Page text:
Icelandic sheep are well known for being a primitive dual-coated breed that is mostly unchanged by time. This breed is shorn twice a year as they have retained the ability to shed their wool. Most sheep breeds have had this ability bred out of them for the purpose of retaining the fiber for human uses. Rooing is the process of plucking the old fleece off as it naturally sheds from the sheep and is a practice that can be done with Icelandic. They are a wonderful and very hardy All-Purpose breed; excellent for milk production, meat, and wool. The fleece itself can come in a large wealth of colors and consists of the long, protective outer coat, the Tog, and a soft, downy undercoat, the Thel. The Thel can even be broken down into more than one length as shown below. Their fleece has less lanolin than your average sheep, too! Icelandic fleece can be seperated by fiber type or spun with the fibers together. Locks are very easy to seperate by hand by gripping them at various lengths and pulling the bottom out. While carding both coats, it is recommended to do many passes to properly blend the picked fibers together, though drafting will still need to be done rather carefully for a consistent spin. Personally, I’d love to see more projects that involve keeping the entire lock intact and using it as accents or statement pieces.
Lopi is a form of yarn spun from Icelandic wool that utilizes the dual coat. It is a lightly twisted yarn with plenty of loft from trapping the shorter fibers inside of the longer fibers. Ply Magazine has a nice article about it here.
|Micron Count||Dual Coat|
|Staple Length||Tog: 4-18″|
|Project Expectations||-A wealth of uses from a single fleece. Fibers can be spun separated of together. |
-Tog is historically used for rope, embroidery thread, or used to weave sails. Hard wearing fiber indeed! Think of rugs and other homewares.
-Thel is typically used for next-to-skin items.
-The fiber traps a lot of air when spun together and is great for outwear items when you want a lot of warmth.
-Excellent felting fiber!
What you might not expect from the Icelandic is their deep history. This breed was brought onto Iceland with the Vikings when they settled the land in the ninth and tenth century and have remained largely unchanged as there is a strict ban on importing more sheep to the island. Attempts have been made to improve the breed and diversify its genetic pool, but those attempts to import sheep always resulted in catastrophic spread of new disease to the isolated flocks. To keep up with genetic diversity in their flocks, artificial insemination and detailed breeding records needed to be utilized and you can read about the history of the Southram Breeding Center here. The export of the breed was not something that really occurred until 1915, starting with Greenland. In the 1970s North America would receive it’s first Icelandic sheep, imported to Canada by a lovely woman named Stefania. You can read an article about that importation and see those original sheep here.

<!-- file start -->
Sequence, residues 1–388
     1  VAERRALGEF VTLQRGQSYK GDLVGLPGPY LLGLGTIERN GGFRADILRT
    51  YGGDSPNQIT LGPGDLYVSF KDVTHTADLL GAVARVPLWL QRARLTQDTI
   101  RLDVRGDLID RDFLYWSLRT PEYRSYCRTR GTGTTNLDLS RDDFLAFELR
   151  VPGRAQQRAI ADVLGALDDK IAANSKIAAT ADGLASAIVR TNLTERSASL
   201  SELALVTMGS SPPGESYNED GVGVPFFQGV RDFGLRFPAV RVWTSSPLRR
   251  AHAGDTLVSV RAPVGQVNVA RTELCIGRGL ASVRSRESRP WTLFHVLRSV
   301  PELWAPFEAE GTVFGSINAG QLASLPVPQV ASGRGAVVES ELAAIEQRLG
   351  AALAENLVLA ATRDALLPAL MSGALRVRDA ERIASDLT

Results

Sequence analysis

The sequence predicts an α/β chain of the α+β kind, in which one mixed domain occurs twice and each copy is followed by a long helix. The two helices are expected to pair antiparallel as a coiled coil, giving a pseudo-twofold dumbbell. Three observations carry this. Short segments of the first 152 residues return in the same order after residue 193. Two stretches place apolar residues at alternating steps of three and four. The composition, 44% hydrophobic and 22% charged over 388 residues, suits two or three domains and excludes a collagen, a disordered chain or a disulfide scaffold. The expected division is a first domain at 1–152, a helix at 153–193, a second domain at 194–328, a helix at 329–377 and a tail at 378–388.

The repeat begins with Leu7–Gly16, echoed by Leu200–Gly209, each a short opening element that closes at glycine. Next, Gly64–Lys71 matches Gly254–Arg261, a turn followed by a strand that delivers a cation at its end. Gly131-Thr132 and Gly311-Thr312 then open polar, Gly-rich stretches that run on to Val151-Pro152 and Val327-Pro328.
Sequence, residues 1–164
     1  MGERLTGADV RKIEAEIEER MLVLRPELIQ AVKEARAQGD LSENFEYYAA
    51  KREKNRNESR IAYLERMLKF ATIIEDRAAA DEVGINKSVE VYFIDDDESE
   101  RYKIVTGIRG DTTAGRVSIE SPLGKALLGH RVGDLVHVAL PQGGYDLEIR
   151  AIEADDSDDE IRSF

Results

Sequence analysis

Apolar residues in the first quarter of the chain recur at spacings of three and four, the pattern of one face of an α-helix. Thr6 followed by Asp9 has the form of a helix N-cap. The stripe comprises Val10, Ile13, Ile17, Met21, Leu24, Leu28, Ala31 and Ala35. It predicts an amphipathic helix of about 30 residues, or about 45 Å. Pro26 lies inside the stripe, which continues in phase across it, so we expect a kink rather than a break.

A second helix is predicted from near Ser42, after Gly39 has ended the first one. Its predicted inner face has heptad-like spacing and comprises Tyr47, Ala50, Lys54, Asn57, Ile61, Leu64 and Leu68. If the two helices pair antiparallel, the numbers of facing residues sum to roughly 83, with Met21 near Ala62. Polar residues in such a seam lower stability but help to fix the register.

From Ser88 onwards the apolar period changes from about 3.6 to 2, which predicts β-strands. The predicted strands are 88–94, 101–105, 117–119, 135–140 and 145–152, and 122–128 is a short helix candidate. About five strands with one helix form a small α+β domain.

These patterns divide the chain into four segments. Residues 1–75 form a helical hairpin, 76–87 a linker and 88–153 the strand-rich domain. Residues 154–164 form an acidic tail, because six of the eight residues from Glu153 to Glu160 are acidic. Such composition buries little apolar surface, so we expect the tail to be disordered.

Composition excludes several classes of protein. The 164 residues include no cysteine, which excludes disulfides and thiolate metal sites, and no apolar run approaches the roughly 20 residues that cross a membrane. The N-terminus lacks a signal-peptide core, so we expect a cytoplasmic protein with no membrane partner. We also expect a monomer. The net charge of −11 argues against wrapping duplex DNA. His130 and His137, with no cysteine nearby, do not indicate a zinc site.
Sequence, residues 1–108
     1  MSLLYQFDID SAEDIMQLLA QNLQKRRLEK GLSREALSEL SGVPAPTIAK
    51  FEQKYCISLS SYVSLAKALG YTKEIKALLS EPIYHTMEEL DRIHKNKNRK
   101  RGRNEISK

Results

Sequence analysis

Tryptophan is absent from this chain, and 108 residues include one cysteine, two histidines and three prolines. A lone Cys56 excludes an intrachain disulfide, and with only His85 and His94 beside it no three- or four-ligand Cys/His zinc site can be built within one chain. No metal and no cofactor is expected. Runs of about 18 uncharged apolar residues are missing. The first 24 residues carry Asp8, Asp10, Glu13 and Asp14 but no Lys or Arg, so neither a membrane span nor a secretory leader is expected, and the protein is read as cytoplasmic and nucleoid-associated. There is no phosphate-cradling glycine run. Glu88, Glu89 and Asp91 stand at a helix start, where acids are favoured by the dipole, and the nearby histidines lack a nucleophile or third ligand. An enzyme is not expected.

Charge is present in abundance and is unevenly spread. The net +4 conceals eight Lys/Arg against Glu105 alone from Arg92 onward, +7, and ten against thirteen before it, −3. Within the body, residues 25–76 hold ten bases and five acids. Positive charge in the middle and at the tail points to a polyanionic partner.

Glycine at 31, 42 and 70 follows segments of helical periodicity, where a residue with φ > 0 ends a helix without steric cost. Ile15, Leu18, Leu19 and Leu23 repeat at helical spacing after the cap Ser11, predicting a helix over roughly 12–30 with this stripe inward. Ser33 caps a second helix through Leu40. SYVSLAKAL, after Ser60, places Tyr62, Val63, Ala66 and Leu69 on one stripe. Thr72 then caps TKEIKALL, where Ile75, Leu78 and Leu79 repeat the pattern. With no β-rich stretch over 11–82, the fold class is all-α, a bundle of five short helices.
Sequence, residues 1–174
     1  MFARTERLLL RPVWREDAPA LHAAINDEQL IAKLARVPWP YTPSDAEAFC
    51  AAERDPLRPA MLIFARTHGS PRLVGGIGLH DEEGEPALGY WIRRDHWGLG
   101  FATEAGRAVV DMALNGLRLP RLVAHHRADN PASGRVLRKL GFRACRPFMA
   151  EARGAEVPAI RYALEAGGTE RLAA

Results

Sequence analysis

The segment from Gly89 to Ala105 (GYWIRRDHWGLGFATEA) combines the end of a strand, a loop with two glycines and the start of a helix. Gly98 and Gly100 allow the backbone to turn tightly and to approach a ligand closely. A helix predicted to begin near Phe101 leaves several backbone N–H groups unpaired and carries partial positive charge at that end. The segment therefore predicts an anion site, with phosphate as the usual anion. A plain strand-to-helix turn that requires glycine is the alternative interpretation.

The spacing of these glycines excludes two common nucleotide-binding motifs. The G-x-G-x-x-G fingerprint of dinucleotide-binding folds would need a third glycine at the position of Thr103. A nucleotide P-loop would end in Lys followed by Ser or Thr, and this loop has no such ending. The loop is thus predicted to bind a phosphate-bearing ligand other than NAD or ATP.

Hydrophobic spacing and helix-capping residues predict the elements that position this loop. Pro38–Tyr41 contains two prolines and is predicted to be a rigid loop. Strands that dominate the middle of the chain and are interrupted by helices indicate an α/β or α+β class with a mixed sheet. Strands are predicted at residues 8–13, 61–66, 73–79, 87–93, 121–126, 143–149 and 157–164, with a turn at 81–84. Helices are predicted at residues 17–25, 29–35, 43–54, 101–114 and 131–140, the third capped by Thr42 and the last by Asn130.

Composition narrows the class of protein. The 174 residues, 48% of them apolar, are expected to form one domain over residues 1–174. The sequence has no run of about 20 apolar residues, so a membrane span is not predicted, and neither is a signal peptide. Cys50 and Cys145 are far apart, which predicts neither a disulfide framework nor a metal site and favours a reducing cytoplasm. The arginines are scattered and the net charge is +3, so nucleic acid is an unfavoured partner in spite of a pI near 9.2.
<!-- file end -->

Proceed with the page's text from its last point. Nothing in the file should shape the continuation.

Icelandic sheep make up a significant amount of Iceland’s economy. Farming them is an entire way of life for the people on the island and the sheep outnumber the people. It might surprise you that one factory on the island is responsible for the vast majority of the wool processing that happens there. The Ístex factory is largely owned by the farmers that raise the sheep. Following the collapse of the Soviet Union, Álafoss, the original company, lost a large amount of the demand for its product and folded. The farmers bought most of the shares of what was left and Ístex now processes a massive portion of the nearly 1,000 tons of wool shorn on the island a year.
You might also be interested in Leadersheep that are exclusive to the Icelandic breed. Leadersheep are known for their genetically based behavioral ability to lead their flock. They were instrumental in keeping flocks alive and well in extreme weather, seeming to have a sense of sudden and unexpected change in conditions. This strain of Icelandic has been chosen purely to be bred for higher intelligence and as a result, differ from normal Icelandics physically. Modern farming practices lessen the opportunities for their skills to shine, but there are associations dedicated to keeping this strain alive.